Why hasn't anyone already involved law enforcement? If they are dealing drugs and they are moving in on your parents it could be that your parents are scared. 3 young adults could intimidate a couple of senior citizens fairly easy.

I would be turning them in to the police with reports of drug dealing, financial exploitation of a vulnerable senior, threats and intimidation and anything else that could get them thrown in jail.

Your parents could lose their home if someone doesn't notify law enforcement that they are victims and their behavior indicates fear. I would be burning up 911 to protect my parents from this situation. As you know, druggies have no loyalty except to the dope, everything and everyone else is expendable.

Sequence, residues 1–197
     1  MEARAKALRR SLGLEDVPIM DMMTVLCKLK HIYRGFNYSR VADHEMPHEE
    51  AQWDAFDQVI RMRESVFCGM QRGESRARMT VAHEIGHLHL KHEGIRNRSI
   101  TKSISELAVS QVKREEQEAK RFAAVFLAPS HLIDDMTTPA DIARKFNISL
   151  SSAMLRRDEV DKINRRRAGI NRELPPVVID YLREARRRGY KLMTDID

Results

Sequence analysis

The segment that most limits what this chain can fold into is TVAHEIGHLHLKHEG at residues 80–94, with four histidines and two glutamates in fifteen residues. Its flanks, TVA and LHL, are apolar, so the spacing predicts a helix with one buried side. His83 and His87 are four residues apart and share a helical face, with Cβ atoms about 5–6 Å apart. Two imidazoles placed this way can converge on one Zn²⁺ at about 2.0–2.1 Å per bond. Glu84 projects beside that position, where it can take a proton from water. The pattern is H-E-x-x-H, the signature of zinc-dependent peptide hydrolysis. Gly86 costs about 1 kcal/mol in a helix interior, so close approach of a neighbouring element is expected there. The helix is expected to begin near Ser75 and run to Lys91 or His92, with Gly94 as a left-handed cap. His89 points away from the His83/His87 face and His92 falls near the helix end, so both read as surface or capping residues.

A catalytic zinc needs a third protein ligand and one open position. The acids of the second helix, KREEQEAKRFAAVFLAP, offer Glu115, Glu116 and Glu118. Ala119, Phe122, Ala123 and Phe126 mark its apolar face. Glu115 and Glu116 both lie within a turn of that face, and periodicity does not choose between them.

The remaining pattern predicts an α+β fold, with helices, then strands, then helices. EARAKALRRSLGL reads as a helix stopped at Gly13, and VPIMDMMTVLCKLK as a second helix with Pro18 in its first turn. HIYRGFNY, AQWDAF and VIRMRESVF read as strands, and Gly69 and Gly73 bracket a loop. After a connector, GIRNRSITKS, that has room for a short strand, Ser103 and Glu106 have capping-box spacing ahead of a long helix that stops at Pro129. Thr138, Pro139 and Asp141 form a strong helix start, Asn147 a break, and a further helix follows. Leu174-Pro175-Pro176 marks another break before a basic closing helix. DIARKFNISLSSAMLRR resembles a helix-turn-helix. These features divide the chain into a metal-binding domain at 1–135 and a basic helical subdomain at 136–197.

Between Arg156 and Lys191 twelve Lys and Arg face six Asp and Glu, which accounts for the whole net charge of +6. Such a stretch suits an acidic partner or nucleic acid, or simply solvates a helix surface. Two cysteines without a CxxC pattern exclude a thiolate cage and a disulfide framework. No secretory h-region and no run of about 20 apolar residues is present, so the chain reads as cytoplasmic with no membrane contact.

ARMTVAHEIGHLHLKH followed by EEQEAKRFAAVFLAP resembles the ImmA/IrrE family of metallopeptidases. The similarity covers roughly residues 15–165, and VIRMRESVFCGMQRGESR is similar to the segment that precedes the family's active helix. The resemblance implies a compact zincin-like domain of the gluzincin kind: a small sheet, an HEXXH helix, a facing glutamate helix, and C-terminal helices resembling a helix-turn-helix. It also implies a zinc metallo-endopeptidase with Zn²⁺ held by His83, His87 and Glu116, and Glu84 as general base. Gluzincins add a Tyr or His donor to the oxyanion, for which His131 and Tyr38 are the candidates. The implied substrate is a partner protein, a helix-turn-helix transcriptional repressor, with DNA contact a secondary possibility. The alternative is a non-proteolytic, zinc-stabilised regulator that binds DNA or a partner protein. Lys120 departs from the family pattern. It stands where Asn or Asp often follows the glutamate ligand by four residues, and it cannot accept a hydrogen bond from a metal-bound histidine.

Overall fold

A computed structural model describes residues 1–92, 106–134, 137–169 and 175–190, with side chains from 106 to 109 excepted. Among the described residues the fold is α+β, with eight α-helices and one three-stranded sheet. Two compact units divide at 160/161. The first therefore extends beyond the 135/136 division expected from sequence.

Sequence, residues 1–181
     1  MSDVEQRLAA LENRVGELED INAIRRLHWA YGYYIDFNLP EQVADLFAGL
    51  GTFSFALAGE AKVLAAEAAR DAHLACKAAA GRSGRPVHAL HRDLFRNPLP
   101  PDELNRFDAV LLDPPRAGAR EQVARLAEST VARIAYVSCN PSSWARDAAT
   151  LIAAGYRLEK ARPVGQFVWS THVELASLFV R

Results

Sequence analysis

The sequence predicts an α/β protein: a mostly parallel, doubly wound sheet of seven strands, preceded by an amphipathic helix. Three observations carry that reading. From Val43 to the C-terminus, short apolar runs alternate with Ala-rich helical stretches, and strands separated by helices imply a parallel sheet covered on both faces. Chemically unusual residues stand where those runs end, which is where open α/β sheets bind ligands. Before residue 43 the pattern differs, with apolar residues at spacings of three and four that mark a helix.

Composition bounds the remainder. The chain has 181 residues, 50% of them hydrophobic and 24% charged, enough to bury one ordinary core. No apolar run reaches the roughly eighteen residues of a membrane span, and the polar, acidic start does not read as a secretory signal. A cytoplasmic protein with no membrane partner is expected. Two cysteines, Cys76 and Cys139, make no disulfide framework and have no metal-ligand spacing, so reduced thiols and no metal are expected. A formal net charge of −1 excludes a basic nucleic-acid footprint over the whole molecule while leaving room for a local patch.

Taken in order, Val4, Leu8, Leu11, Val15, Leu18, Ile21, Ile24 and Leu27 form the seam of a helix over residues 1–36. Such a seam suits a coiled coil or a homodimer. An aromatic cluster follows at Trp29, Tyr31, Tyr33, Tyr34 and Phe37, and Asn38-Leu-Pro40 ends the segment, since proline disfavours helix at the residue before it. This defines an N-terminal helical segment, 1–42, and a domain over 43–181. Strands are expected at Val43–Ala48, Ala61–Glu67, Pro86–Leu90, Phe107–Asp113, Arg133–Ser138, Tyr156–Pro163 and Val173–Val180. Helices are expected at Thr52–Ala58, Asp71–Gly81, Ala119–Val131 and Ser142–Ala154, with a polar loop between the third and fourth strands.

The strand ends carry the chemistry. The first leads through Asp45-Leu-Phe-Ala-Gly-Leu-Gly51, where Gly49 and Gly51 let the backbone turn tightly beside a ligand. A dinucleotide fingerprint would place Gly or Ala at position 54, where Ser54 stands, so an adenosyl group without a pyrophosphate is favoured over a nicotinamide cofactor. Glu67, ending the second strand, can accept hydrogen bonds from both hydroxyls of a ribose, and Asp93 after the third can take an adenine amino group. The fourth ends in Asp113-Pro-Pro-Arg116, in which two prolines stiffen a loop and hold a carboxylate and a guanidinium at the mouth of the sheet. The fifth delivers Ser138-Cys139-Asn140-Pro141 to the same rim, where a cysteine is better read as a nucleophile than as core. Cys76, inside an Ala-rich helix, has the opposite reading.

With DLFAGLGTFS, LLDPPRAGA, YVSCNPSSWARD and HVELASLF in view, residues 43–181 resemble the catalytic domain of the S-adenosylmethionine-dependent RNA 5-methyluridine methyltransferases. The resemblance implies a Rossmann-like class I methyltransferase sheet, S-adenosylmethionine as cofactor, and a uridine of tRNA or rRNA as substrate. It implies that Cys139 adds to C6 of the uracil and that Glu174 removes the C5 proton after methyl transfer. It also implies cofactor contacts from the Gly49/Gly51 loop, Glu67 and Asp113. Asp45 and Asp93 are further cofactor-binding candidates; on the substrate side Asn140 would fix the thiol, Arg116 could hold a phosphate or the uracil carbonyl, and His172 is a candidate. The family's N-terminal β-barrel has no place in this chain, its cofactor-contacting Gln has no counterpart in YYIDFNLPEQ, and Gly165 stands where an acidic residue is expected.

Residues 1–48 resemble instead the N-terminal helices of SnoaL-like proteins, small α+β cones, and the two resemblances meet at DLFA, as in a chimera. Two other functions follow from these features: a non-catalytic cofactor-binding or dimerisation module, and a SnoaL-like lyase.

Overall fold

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worriedinCali Sep 27, 2019
They aren’t in jail because they are in good ‘ol California. Drug offenses
get you a citation, at most, these days. Most judges will give probation over jail time. Years before California implement their lax drug laws, my husband’s cousin was arrested 5 times before she finally got sent to prison for selling drugs. Each time the judge kept suspending her sentence and telling her “next time you go to prison”. Took about 5 arrests before he finally sent her to prison.
the OPs parents won’t lose their home unless they stop paying the mortgage. The police will not seize it, by law they can’t. The parents aren’t dealing drugs so none of their assets are subject to asset forfeiture.
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It is not particularly easy to get a guardianship. The fact that someone gets "disturbingly hysterical" about the subject is far from being sufficient indication of lack of competence.